Klax Vaults is a multimedia installation – a simple hardrive attempting to run a number of operations simultaneously, ultimately confusing itself (misplacing variables, misdirecting outputs) and creating a counterintuitive series of feedback loops & recursion. Through 8 channels of audio and 3 of video, Klax Vaults immerses its audience in a mutable environment of digital windows looking on digital windows, providing a view into the speculative inner-workings of proprietary software.
Meet The Artists on Friday July 28 at 7 pm.
Open to the public on Sat. July 29th and Sound July 30 from 4 – 7 pm.
Harvestworks 596 Broadway #602 New York NY 10012
Phone: 212-431-1130 Subway: F/M/D/B Broadway/Lafayette, R to Prince, #6 to Bleecker
Klax Vaults was initially conceived as a series of individual simulated planes – totemic walled gardens – each depicting an ecosystem informed by the imagined inner workings of a respective proprietary hardware or software. These black-box systems display sparse and minimally active landscapes, operating in ignorance of each other and the outside world, attempting to articulate some vague caricature of a photo sharing network, an online platform for selling goods, or other like digital realms.
In its current installation at Harvestworks, these autonomous environments merge into one complex, singular system – an invented digital ecology(?) – effectively ‘breaking through the gardens’ walls’ and forcing each to interact & learn to exist synchronously. Imagine a simple hardrive attempting to run a series of programs or commands simultaneously, ultimately confusing itself (misplacing variables, misdirecting outputs) and creating a more taxing and counterintuitive system of feedback loops and recursion.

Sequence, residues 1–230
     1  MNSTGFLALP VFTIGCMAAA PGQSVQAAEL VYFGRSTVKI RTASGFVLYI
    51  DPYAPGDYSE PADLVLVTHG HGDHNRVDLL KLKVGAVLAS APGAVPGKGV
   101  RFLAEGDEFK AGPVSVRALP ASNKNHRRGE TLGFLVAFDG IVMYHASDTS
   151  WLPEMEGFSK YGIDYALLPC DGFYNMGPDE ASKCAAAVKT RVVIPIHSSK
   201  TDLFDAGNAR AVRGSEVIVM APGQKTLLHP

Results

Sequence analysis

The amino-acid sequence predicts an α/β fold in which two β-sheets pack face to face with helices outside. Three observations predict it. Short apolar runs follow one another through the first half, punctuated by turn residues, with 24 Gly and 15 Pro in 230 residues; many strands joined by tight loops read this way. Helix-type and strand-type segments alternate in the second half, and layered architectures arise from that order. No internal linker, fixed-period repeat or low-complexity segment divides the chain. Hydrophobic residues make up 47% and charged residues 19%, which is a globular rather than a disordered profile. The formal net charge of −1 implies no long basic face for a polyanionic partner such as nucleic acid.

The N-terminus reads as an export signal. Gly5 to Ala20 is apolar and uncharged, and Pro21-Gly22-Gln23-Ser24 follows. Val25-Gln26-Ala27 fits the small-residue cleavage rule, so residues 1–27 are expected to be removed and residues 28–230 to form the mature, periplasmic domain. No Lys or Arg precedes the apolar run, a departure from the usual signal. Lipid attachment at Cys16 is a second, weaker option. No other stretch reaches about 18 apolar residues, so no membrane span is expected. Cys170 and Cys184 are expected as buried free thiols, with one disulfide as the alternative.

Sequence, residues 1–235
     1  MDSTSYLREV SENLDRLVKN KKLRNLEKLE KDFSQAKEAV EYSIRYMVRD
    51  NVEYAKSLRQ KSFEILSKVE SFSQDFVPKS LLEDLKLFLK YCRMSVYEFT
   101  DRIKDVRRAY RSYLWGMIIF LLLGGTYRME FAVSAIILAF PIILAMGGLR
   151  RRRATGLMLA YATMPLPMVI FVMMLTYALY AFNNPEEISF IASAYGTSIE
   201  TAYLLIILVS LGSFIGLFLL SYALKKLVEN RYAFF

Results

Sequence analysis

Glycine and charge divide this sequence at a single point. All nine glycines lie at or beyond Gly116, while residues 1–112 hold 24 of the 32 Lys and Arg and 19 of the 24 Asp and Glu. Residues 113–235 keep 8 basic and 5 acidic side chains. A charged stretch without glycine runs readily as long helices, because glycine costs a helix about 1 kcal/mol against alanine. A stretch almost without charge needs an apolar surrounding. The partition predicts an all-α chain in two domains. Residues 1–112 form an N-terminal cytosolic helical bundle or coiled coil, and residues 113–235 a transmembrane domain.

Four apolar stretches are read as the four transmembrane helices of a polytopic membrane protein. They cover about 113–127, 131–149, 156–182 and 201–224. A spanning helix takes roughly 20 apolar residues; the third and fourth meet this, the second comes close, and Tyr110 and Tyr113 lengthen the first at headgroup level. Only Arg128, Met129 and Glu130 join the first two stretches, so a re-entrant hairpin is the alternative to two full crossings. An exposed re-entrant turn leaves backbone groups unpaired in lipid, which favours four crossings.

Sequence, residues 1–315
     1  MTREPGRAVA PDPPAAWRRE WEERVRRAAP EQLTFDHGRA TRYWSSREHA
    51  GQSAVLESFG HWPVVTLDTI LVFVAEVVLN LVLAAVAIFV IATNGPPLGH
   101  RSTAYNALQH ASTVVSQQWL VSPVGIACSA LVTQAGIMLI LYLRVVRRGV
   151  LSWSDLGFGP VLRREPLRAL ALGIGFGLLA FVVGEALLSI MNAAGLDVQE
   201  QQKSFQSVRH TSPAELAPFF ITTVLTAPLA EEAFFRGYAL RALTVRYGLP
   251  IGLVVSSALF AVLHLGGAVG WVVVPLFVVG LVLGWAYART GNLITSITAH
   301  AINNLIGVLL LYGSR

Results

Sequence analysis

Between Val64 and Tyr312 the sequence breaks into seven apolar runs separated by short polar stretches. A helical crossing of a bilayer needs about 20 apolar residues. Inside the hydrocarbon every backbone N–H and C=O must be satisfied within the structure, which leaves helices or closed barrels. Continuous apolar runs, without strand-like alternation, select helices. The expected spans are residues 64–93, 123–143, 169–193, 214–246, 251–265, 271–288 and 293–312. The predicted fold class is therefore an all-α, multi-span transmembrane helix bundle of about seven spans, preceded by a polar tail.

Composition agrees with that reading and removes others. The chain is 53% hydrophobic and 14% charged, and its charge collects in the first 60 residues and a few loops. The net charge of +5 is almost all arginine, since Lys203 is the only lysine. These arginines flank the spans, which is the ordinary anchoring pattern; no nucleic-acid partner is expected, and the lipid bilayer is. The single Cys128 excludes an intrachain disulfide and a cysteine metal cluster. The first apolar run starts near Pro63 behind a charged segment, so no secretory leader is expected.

Through a system of software rendering 8 channels of audio and 3 of video, Klax Vaults immerses its audience in a mutable environment of digital windows looking on digital windows, providing a view into Brumley and Werner’s speculative algorithmic topography. It will run as both an autonomous generative system for the duration of its installation & as a manipulatable interface for live performance during the opening reception.
John Brumley’s work absorbs contemporary skill sets and emerging forms of diversion into saturated masses of media with the aim of being simultaneously frantic and boring. Emerging conceptions of virtuosity, new modes of learning, and the eminence of “weird trick” solutions have prompted further investigation into the memetics of the mediated physical world. Plotting points at which the motivations for contemporary activities become irrevocably trapped in networks of subterranean fibre.
Currently living in Japan and pursuing a PhD. in Empowerment Informatics, Brumley’s research focuses on using mixed reality systems to promote collaboration in physical space. Brumley received an MFA in Design Media Arts from UCLA and a BA in music composition from UC Davis. He has been a Radio DJ, a touring improviser, and a practitioner of Western Javanese Gamelan music.
Roy Werner is a Brooklyn based composer focusing on sample oriented composition through custom software written in Max/MSP. Often under the moniker G.S. Sultan, his work intends to dissect sources’ embedded structures & information, processing audio through a network of generative and/or manipulative algorithms in order to shave off layers of ubiquity. The resulting pieces have been described as ‘chaotic, tongue-in-cheek deconstructions of pop banality’ and ‘fragile mosaics of digital pointillism’.
Classically trained on piano and a graduate of Mathematics/New-Media Studies at UC Davis, Werner is most interested in the intersection of musicianship and aleatoricism; exploring grey-areas in which performer & algorithm both express a capacity for compositional decision-making. To this end, he has traveled throughout the US and Europe for live performance and has worked with multiple imprints to release recorded work, hoping to catalog some infrequent instances of musician and computer tactically in-sync.